The only other real welfare reform is true post-scarcity economics. But I see no third possibility.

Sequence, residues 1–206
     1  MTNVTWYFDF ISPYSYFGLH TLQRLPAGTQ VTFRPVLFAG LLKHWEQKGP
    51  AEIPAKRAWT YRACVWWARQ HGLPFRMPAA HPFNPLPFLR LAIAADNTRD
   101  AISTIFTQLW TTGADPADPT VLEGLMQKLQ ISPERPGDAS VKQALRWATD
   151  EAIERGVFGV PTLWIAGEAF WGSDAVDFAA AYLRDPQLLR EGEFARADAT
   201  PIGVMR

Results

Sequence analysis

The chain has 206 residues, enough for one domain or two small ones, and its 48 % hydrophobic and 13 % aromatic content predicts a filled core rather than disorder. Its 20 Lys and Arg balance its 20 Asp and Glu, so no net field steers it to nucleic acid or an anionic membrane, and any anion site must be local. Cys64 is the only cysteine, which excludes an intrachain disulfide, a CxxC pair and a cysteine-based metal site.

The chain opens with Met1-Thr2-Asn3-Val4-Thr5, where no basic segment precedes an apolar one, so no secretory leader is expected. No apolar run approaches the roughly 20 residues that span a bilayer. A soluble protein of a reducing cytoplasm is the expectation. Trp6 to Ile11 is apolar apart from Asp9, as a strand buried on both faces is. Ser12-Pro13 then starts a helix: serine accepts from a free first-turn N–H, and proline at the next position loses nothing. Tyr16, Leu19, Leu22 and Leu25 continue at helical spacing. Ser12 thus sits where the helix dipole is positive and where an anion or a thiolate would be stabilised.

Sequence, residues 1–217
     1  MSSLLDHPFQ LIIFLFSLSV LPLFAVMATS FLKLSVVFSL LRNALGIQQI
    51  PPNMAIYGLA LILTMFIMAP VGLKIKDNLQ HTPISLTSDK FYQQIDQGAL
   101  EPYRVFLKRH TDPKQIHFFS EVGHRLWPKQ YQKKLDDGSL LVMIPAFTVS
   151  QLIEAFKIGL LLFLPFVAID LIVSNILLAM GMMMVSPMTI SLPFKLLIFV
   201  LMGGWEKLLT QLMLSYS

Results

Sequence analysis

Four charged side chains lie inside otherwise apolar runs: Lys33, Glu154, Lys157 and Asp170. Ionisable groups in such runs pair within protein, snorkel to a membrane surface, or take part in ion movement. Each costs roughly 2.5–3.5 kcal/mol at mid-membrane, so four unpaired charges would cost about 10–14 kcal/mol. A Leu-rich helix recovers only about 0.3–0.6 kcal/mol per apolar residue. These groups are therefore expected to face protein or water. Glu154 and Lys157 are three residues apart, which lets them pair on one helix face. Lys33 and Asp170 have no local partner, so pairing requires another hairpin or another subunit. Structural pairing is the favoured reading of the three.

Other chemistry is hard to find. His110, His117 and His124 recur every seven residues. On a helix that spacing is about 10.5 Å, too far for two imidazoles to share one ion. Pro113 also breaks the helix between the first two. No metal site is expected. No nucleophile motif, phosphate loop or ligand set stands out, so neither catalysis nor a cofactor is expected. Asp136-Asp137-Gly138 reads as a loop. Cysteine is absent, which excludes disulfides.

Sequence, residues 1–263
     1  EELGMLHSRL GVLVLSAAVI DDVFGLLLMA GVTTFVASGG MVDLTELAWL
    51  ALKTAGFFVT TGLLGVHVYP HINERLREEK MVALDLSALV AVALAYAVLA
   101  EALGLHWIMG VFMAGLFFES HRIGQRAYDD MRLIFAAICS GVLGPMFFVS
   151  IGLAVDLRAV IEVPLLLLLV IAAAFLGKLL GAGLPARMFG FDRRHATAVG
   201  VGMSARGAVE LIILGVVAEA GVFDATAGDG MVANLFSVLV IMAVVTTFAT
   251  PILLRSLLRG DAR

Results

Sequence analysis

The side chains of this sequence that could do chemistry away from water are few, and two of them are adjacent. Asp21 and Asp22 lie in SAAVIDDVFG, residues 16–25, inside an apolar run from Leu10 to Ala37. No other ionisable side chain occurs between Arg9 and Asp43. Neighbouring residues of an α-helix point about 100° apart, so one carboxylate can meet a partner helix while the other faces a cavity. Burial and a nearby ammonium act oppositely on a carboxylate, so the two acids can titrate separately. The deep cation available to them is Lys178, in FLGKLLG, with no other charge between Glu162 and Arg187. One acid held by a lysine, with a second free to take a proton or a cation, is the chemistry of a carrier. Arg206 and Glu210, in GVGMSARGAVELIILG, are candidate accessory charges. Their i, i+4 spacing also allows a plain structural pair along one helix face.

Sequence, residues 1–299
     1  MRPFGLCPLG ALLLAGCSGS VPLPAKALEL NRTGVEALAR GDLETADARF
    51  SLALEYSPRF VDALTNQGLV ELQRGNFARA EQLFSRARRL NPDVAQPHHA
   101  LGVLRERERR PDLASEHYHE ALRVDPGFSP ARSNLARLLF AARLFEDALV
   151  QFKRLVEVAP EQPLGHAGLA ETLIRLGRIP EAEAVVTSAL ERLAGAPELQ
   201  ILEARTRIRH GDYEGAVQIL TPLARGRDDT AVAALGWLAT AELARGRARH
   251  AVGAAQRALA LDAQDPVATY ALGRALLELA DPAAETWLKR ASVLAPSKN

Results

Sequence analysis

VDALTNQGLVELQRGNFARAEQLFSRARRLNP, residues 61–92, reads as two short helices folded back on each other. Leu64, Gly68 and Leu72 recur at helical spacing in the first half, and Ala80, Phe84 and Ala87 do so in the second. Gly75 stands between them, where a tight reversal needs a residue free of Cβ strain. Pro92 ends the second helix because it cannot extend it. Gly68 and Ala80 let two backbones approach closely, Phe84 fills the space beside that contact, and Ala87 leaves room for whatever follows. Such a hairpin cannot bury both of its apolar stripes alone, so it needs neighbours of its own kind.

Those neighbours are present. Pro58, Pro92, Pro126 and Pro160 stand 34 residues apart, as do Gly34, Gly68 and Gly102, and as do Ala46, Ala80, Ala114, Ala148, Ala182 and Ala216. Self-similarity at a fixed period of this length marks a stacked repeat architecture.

The essay Real Welfare Reform by David S. D’Amato pretty much sums up my reasons for thinking of the left libertarian movement as 1% left and 99% libertarian. While it is true that “the two narratives are naturally aligned,” the left libertarian and the right libertarian agree on the fundamental ethical principle (the so-called non-aggression principle) and disagree at times on the implications on that principle, with more than a few self-identified right libertarians coming out as anti-intellectual-property and even anti-corporate-personhood. To my ears the tone of the two tendencies is indistinguishable. The belief that the interests of the poor will automatically be served by a sufficiently free market is not unique to left libertarianism or even libertarianism. It is a belief embodied in Reagan’s “volunteerism” and his successor’s “points of light.” For me it is still too much of a leap of faith. To me, a plausible outcome to the removal of barriers to competition is a flourishing of the most competitive among the currently marginalized and excluded. Even if there is enough charitable goodwill amongst the public to cover the survival needs of any that might still be left behind, I hardly see it as an adequate solution to the unemployment and poverty problems as charity, like “welfare,” is an affront to dignity. The trouble, as I see it, with counting entirely on removal of barriers to competition, is the glaringly obvious fact that competition itself is a barrier to entry. Being a contributing member of society is either a right or it is a privilege. I have more esteem for the former. That is why I consider negative liberty an inherently right-of-center concept, along with the market mechanism itself. Maybe that makes me a statist, although I think a voluntary “covenant not to compete” (or at least, in the final analysis, not to reject any individual from some active role) among all members of a probably small and hopefully at least somewhat self-sufficient community might resolve the paradox. That hope is what keeps me going. I know solutions that require intentional community are at best inelegant, but what can I say? I can say what I feel.